2. Vocation Culture in the Family
2.1 Domestic Church: The Foundation
Pope John Paul II in many of his writings and homilies has mentioned numerously that “the Christian family is the first place where vocations develop. It is a seminary or novitiate in germ.” In light of this it is vital for families to nurture, encourage, and promote vocations. Pope J.P. II described the family in his writings often as the domestic Church where the parents have the responsibility and right through their union of love give birth to their children and provide them the basic rights, needs, faith and charity in cooperation with God to build His kingdom. In the Apostolic Exhortation Familiaris Consortio Pope J.P. II expressed this point beautifully:
For Christian parents the mission to educate, a mission rooted, as we have said, in their participation in God’s creating activity, has a new specific source in the sacrament of marriage, which consecrates them for the strictly Christian education of their children: that is to say, it calls upon them to share in the very authority and love of God the Father and Christ the Shepherd, and in the motherly love of the Church, and it enriches them with wisdom, counsel, fortitude and all the other gifts of the Holy Spirit in order to help the children in their growth as human beings and as Christians.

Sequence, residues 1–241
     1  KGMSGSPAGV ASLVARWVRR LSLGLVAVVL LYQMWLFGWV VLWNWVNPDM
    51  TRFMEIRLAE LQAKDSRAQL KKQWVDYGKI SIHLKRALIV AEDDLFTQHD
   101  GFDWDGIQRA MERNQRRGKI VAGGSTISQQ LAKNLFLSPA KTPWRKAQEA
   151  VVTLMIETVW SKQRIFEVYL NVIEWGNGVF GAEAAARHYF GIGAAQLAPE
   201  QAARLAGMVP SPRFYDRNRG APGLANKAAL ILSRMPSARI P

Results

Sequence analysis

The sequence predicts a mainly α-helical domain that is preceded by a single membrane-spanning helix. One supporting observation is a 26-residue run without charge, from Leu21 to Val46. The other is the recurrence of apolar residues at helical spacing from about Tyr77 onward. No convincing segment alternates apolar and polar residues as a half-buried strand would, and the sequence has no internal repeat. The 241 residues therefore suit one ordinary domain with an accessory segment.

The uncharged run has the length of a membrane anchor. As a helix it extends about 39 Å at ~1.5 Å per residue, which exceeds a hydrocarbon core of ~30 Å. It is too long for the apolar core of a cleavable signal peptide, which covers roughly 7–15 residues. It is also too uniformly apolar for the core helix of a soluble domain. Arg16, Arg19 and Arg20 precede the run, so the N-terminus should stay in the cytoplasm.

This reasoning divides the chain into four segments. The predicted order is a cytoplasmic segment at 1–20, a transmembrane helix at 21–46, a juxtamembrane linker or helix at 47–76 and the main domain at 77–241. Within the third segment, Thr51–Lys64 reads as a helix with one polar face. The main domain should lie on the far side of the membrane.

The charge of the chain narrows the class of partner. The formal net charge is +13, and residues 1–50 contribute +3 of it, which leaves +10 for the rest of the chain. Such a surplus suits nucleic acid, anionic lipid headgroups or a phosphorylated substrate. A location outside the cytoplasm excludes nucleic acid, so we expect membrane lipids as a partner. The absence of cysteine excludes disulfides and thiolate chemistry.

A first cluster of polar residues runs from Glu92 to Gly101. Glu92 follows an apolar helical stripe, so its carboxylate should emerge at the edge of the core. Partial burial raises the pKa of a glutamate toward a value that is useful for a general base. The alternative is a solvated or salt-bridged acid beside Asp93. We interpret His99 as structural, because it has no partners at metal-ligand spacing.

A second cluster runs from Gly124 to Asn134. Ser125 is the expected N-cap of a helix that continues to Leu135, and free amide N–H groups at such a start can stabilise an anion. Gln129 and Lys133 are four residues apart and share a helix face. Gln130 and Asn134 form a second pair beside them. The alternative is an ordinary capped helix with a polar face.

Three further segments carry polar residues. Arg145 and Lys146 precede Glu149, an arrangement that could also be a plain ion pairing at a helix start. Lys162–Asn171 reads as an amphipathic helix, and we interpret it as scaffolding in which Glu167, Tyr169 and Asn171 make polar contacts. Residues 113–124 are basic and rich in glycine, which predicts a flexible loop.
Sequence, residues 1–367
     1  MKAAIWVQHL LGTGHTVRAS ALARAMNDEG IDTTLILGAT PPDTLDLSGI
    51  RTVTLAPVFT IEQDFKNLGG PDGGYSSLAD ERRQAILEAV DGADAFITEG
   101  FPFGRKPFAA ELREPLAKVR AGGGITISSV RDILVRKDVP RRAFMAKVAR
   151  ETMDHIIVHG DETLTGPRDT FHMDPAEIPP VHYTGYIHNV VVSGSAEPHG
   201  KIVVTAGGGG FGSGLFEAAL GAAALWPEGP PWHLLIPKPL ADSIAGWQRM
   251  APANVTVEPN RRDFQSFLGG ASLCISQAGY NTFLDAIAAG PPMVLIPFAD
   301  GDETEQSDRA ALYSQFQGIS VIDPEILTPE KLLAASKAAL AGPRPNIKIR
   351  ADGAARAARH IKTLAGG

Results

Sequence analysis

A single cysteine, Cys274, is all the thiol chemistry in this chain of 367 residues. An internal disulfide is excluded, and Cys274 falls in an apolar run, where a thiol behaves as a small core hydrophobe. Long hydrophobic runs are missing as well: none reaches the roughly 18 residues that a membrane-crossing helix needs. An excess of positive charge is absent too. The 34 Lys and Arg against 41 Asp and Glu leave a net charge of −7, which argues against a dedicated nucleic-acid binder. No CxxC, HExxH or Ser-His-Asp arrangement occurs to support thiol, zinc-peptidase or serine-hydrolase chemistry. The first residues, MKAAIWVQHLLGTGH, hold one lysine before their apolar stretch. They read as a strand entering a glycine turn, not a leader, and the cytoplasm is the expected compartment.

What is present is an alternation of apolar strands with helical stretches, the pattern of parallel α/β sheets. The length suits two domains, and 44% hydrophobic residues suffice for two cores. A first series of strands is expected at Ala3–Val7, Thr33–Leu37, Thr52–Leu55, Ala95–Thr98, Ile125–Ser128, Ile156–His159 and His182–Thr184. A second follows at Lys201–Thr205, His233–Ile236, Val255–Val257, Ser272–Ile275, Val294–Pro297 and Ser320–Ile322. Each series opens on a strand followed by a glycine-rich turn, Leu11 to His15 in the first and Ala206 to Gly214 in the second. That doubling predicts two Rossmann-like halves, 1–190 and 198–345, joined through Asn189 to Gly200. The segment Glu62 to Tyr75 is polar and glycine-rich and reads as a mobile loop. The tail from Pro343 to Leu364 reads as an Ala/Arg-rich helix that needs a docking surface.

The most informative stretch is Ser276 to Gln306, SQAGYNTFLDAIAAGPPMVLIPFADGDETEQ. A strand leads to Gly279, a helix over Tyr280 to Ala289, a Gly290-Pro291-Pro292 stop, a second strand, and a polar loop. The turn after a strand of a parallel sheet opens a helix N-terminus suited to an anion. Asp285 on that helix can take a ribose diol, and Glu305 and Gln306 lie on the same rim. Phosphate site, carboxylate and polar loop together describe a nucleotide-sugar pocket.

It is in this domestic Church where a child is first developed and learned the basic human dignity. Home is not intrinsically the physical building but the foundation that builds through the members of the family. “It is here that the father of the family, the mother, children, and all members of the family exercise the priesthood of the baptized in a privileged way by the reception of the sacraments, prayer and thanksgiving, the witness of a holy life, and self-denial and active charity. Thus the home is the first school of Christian life and a school for human enrichment. Here one learns endurance and the joy of work, fraternal love, generous – even repeated – forgiveness, and above all divine worship in prayer and the offering of one’s life.”
There are two necessary and immediate steps we can take to foster the vocation culture in the family. First, we need to teach our children to pray. Second, we need to help our children to cultivate a spirit of willingness to make a sacrifice and self-denial. To be continued
John Paul II, Homily in Pune – Apostolic Pilgrimage to India, February 10, 1986,7.
Vatican Council II, Dogmatic Constitution on the Church Lumen Gentium, ed. Flannery,
A., New York 1996, 362, n.11.
John Paul II, Familiaris Consortio, Rome November 22, 1981, n. 38.
The Catechism of Catholic Church, New York 1994, 462, n. 1657.